1. Thanks – I loved this. I am right there, right now. It seems that everyone I run into seems to be interested in saying something, anything about something, anything about me. 🙂 I simply can’t fight each battle and I won’t – sometimes I smile, even when I want to punch them out. It’s good for my blood pressures.

  2. Roy McCarthy says:

    Good rant 🙂 There’s a great saying ‘Don’t judge a man until you’ve walked a mile in his shoes’. I guess it’s often a fine line between expressing what you believe to be true and actually stating it as firm advice to others. The former is fine, as long as you stand ready to be corrected. The latter is best avoided.

    1. candidkay says:

      I agree, Roy. And I might add that there is no need to express what you believe to be true unless asked:). At least when it applies to someone else’s life. We all seem to think we’re Dr. Phil some days . . .

  3. Sue Gordon says:

    Learning life isn’t so black and white and shades of gray in various degrees can be challenging to say the least. The tested has nothing to do with race, religion, education or money. When a person is brought to their knees and realize this hopefully they experience the oneness with others and it starts to break down existing prejudice.
    Wonderful piece.

  4. erkkig says:

    I can very much relate, both with the being judged and judging part. It’s humbling when you’ve pointed the finger and then find yourself at the receiving end of a pointing finger. I’m very often reminded now that “it takes one to know one”. I’ve found that about 9 times out of 10 when I criticize somebody I’m really just criticizing an insecurity that I have and saw in them. I’m speaking the accusatory thoughts that I tell myself to somebody else. Spreading the shame!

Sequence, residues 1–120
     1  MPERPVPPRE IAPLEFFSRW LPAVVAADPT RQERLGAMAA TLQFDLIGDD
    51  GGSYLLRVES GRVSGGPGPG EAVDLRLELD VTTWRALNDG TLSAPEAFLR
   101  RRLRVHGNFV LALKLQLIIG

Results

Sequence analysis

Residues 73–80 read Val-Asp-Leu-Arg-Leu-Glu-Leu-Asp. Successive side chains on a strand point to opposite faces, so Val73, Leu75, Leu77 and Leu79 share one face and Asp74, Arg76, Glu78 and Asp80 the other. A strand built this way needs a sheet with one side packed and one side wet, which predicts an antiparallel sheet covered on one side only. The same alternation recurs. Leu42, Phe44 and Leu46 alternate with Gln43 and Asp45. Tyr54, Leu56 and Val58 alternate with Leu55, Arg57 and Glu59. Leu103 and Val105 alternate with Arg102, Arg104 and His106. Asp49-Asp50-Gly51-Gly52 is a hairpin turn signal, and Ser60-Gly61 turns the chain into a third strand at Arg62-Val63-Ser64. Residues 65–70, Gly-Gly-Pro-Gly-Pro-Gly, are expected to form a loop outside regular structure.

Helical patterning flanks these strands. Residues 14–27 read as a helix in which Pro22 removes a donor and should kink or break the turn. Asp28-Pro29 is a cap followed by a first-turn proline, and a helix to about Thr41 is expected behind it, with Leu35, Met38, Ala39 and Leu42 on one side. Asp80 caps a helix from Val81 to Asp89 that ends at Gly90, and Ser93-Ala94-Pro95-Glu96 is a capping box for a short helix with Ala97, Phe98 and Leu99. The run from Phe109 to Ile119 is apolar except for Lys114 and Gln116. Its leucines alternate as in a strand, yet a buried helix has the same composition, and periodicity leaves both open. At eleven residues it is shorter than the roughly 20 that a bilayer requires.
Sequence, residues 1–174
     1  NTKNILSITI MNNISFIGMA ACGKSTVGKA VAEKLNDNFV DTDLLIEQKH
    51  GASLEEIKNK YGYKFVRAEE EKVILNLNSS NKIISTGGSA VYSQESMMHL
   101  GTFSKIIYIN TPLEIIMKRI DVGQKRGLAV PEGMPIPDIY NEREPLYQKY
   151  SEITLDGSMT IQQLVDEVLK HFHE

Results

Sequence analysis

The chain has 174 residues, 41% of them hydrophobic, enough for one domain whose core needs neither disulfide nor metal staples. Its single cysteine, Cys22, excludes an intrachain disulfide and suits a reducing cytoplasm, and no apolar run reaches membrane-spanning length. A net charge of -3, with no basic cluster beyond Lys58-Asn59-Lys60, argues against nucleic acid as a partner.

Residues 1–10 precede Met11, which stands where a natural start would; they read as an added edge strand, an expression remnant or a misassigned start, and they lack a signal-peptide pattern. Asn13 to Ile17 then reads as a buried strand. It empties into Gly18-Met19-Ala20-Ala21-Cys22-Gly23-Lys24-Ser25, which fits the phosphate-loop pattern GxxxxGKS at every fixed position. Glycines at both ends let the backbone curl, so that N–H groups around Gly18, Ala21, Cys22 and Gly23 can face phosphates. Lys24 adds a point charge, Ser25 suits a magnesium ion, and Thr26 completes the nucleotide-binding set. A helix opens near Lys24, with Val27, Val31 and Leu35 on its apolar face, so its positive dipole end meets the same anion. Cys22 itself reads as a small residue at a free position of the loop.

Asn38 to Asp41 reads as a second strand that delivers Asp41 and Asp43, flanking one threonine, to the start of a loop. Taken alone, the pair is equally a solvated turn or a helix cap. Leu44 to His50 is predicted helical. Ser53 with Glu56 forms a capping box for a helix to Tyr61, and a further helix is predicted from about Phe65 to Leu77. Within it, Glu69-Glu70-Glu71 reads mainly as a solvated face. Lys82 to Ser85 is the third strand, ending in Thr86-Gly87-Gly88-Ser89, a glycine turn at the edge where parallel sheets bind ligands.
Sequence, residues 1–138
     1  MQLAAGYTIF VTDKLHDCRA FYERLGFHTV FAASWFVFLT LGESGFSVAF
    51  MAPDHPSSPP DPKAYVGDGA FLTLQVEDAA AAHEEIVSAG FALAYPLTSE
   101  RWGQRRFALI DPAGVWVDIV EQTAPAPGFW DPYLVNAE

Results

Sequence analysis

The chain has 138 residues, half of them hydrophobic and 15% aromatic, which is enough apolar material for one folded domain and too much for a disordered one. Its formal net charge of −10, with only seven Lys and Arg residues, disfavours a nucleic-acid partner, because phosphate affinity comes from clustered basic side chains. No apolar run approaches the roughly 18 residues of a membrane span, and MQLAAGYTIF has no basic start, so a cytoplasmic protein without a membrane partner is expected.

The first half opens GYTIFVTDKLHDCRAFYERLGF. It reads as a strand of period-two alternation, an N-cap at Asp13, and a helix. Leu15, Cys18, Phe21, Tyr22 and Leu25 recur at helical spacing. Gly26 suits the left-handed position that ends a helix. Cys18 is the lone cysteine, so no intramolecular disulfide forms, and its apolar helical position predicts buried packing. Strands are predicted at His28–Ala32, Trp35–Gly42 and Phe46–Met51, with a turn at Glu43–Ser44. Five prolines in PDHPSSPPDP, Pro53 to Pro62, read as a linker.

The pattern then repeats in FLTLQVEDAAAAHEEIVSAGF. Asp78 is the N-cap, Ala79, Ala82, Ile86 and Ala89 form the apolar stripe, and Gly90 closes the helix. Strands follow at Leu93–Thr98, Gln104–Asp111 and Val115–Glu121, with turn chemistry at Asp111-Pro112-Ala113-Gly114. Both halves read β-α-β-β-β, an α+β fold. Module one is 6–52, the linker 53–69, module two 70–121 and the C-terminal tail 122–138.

1. candidkay says:

      Ah yes. And in my case, my karma is almost instant. I am sure to find myself in a situation where I am meant to find empathy for another I’ve judged–usually within the day!

  5. markbialczak says:

    Great insight, Kay. It’s so easy to think you know it all until faced with that exact situation for the first time in your life and discovering that you don’t know the first thing about it. Better to shut yer trap.

  6. Cdadik says:

    Love this blog. I think we all catch ourselves saying things like this. It’s shallow when people make judgements – but what comes around, goes around. And that’s how they learn. Loved the “finding myself at the bottom” story!

  7. lmarieallen says:

    This reminds me of my brother, who sat one evening a long time ago at a restaurant with me, my sister, and her rambunctious toddlers. Of course, the kids were wired and tired and generally creating havoc. He turned to his now wife, loudly proclaiming that his future kids would “never behave like that in a public place”. It puts a devilish grin on my face to say that he was paid back in spades:)

  8. “My Three Sons” Rockwellian dream…hahahaha. Love it. Great post. I catch myself all the time too.

  9. Well said. Enough with the judgement. I was seriously shocked at the responses I received when I told people my husband and I were separated. My favorite, “I don’t believe in divorce.” I heard that over and over. What is wrong with people? I mean we’re all human and I’ve certainly stuck my foot in my mouth before, but we could all work harder at approaching people from a place of compassion rather than judgement. Really good post.

  10. When I found myself divorced, I felt suddenly completely overwhelmed with compassion for everyone else that has gone through a divorce. Same when my mother died. Divorce. Grief. Parenting. How can these experiences be truly understood until we’ve been there and journeyed through them….

    1. candidkay says:

      I so agree, Karen! Here’s someone who seems to “get it”: http://erkkisblog.wordpress.com/2014/08/07/finding-myself-at-the-bottom/ I think you’re saying the same thing.

      1. yes! love it! 🙂